September 1982: Depeche Mode Release A BROKEN FRAME
Depeche Mode was in a state of extreme flux when it came time to record the band's second album, A Broken Frame. Vince Clarke, the person who wrote a majority of Depeche Mode's music, had left the fold to form a new group: Yazoo (AKA Yaz), featuring Alison Moyet on vocals. Now reduced to a trio with Dave Gahan and Andy Fletcher, Gore stepped up to the plate as Depeche Mode's new main songwriter.
"It's just a represent of breaking away from our limitations from before," was how Gore explained the album's title during a 1982 interview. "We felt sort of enclosed, and that's just sort of breaking out of what we were doing before."
It was January 1982 when Depeche Mode released "See You," the band's fourth single, and the first penned by Gore. The track inspired a tour, which allowed the group to show a new fourth member: keyboardist Alan Wilder. Arriving with a Julien Temple-directed music video, "See You" was a hit, peaking at #6 on the UK Singles chart, and taking the #1 spot on the UK Indie chart.
"I think a lot of people have, but I think we're not going to get away from that for a long time," Gore responded when asked if fans had "forgotten" Vince Clarke leaving the group.
"People had forgotten it at one time. Just after Vince had left, we had 'See You' [and it] was successful, and Vince hadn't released a single, people didn't sort of remember it then. Now, Yazoo is successful, people are obviously gonna remember it, and keep asking us about it in interviews, especially foreign interviews, I think, where we get it more. Because, I think Yazoo have done well in most countries abroad. A lot better than us, even. So obviously people are going to ask us about that. I think in a lot of places we're the Heaven 17 of that country, the same sort of situation."
April 1982 is when Depeche Mode returned with another single: "The Meaning of Love." The chirpy and upbeat dance tune was another hit for the group, cruising to #12 on the UK Singles chart, and #2 on the UK Indie chart.
A third advance single from A Broken Frame arrived August 1982 in the form of the dark and moody "Leave in Silence." Critics were quick to savage the song, with Sounds magazine proclaiming the tune as "overlong, extremely downbeat and could spell the end of chart success for Gahan’s geeks. Seems like the Vincent /Yazoo prophets of doom were right all along.”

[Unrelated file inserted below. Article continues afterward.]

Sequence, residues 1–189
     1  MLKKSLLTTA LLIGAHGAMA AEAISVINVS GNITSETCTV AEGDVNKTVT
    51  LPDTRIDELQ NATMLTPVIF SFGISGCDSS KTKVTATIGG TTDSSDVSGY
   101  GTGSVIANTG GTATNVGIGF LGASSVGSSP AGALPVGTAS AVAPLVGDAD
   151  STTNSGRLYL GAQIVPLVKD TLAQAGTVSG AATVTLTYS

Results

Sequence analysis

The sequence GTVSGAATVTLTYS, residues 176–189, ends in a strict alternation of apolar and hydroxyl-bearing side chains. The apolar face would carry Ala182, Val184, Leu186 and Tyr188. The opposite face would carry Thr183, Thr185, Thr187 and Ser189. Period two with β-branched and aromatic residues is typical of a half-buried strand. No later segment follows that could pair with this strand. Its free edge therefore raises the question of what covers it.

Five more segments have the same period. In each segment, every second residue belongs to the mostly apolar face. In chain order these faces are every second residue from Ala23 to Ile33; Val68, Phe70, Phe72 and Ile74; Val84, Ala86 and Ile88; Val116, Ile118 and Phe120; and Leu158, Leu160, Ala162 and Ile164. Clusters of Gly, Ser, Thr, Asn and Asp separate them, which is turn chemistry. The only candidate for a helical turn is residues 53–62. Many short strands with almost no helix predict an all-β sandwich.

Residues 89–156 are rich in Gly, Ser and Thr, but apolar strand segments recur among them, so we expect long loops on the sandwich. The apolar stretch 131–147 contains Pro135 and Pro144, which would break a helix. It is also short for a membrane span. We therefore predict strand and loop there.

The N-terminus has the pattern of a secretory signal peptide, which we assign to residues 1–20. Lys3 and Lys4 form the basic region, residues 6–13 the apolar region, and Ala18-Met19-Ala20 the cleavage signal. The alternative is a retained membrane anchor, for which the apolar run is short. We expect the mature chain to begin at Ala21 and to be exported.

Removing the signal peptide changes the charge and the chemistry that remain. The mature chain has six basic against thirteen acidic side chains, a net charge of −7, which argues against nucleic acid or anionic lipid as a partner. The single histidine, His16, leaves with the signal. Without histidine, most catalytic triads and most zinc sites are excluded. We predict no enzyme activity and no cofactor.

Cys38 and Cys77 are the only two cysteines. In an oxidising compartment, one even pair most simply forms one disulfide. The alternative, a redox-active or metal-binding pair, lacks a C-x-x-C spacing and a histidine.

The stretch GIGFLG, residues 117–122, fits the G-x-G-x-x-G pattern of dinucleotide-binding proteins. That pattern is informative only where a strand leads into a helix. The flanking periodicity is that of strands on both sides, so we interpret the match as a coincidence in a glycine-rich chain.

Despite the critical drubbing, "Leave in Silence" did just fine, climbing to #18 on the UK Singles chart, and marking a return to #1 on the UK Indie chart. Depeche Mode was on a roll.
September 27, 1982, Depeche Mode released the group's second full-length album, A Broken Frame. The LP featured a Brian Griffith cover photograph of a woman wielding a sickle as she works in an English field that's meant to resemble a painting. A Broken Frame soared up the charts to take #1 on the UK Independent Albums chart, peaking at #8 on the UK Albums chart. The record even made an impact in America, breaking into the Billboard 200 to reach #177.
"For me, it's a lot better, I enjoy writing, I enjoy writing songs, I enjoy having more freedom in the studio," Gore said in 1982 of Depeche Mode's situation post-Vince Clarke. "Before it, a lot of it was left up to Vince. he'd come in with a song, virtually say 'I wanna do this,' everything was just left up to him. If we disagreed with something, then we'd have to really argue, although there's three of us and we might disagree with him, it would still be a struggle, because he's such a - he has a very strong character. Now, we've all got more freedom, we're more like a democratic band. If someone doesn't like something, we consider that opinion."